Car Talk. Not the Click and Clack kind, but rather the ignorant ramblings of a guy who has driven a total of three cars in the last 29 years — a 1977 Dodge Colt, a 1987 Subaru station wagon, and a 1998 Subaru Forester. But now I’m giving up on the Forester a year or two early, because the 14-year-old in the back seat is as tall as I am, with size 11 1/2 feet compared to my size 10. He is not a complainer, but his knees are pushing through the back of the seat in front of him. It makes for some long rides to Upstate New York or northeastern Pennsylvania.

It’s time for a change, and I get my first dose of buying a car in the brave new world of,, and It’s instructive. In fact, I’m reminded of an observation made by Edward Tenner, the technology observer, offered at the first glimmer of the Internet age: The Internet will change a lot of things, Tenner predicted in a conversation that I recall taking place somewhere on Nassau Street sometime in the late 1990s. But it won’t change human nature.

The quest begins on a drive back from northeastern Pennsylvania, passing by the Subaru dealer on Route 31 in Flemington. I had heard that the Subaru Outback had been re-engineered and made 11 inches longer. Perfect. In the showroom I put the two kids in the back seat and couldn’t tell the difference. I measure the Forester from the top of the steering wheel to the top of the back seat, and compare it to the Outback. Not more than an inch difference. Most of the extra length has gone into the storage area behind the seat.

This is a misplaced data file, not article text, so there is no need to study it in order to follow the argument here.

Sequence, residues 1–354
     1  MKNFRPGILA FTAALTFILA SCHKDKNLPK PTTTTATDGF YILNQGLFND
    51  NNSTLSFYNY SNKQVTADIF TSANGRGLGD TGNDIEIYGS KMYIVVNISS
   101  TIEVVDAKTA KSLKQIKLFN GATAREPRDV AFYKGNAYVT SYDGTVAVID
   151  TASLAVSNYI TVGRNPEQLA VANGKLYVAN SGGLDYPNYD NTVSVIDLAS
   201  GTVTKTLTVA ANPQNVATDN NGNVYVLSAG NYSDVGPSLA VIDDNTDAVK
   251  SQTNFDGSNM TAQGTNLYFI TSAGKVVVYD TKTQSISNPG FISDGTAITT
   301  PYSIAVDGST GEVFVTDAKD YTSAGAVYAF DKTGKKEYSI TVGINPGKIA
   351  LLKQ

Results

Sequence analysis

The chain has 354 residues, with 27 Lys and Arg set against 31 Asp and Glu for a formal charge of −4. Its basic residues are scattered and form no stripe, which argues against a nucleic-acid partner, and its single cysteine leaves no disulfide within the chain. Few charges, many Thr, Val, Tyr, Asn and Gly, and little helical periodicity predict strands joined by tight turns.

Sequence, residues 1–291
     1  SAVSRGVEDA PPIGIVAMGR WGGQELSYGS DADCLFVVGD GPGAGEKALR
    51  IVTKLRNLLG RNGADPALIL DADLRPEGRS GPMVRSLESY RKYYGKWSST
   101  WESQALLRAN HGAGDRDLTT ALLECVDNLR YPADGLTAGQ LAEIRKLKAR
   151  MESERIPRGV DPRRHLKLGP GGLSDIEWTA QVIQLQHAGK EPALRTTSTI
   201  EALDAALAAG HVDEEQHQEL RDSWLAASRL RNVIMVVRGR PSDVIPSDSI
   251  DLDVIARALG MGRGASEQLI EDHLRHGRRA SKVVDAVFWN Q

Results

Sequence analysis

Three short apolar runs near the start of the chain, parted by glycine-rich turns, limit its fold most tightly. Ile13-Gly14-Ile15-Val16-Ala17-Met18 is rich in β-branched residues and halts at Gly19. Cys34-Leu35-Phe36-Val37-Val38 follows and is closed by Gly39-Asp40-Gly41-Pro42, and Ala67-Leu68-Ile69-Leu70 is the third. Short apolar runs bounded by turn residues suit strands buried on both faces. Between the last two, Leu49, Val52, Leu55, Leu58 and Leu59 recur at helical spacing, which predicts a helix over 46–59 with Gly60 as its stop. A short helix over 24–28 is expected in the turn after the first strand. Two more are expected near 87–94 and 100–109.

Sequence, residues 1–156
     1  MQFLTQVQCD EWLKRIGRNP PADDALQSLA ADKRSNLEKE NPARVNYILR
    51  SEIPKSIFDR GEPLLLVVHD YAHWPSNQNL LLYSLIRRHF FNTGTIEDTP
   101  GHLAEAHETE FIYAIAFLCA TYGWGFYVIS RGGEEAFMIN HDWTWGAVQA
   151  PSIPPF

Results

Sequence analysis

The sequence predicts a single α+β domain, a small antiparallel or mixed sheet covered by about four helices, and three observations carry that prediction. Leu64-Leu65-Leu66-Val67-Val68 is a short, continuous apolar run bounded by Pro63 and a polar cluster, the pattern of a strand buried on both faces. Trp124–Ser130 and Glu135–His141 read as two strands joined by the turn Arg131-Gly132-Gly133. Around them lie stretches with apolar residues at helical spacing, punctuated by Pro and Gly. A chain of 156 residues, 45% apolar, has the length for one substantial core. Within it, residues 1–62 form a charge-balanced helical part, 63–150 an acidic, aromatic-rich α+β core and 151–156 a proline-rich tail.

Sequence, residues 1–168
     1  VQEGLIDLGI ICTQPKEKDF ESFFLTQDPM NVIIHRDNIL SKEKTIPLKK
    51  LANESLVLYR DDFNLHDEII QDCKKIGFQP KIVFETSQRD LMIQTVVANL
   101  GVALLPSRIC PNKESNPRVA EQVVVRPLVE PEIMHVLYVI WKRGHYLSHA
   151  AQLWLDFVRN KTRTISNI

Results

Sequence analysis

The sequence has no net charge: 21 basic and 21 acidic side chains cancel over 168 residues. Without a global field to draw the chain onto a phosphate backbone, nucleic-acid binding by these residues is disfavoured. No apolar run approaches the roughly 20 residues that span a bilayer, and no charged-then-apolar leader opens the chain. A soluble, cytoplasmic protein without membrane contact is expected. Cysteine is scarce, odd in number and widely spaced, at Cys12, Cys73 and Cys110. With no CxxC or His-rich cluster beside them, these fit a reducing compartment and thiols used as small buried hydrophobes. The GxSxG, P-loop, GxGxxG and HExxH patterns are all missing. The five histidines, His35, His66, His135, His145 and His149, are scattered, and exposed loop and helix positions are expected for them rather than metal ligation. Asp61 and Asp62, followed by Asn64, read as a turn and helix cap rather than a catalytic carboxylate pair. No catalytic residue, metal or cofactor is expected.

As I measure and kick tires, the sales guy asks where I heard about the dealership. I tell him I wish I could say newspapers because I’m in the business myself, but in truth I just saw the sign.

We hardly ever advertise in newspapers anymore, he responds. Everyone’s buying through the Internet now.

As soon as I get home I hit the keyboard. The last time I thought about Edmunds they had a magazine, but now I discover the website, and the nearly infinite number of car comparisons available. The specs that Edmunds provides about each make and model are boggling: Forgetting about engine and fuel data, and concentrating just on interior capacity, the only reason I was in the car market, Edmunds rattles off numbers for front head room, shoulder room, hip room, and leg room, and then more numbers for the same dimensions in the rear seat. None of those numbers mean much to me, and I keep measuring the distance between the steering wheel and back seat. The Forester is 61 inches; the Outback not much better.

But the Flemington showroom also has a new Subaru Tribeca on display — Subaru’s new entry in the fullsize SUV category. It’s got a good six inches of extra rear seat room. My kids love it. But by now I’m an Internet shopper, as well as a showroom tire kicker. I Google Tribeca and come across a review at that is scathingly negative. I later discover the whole website is pretty negative, but that does it for the Tribeca and Subaru. Live by the Internet, die by the Internet.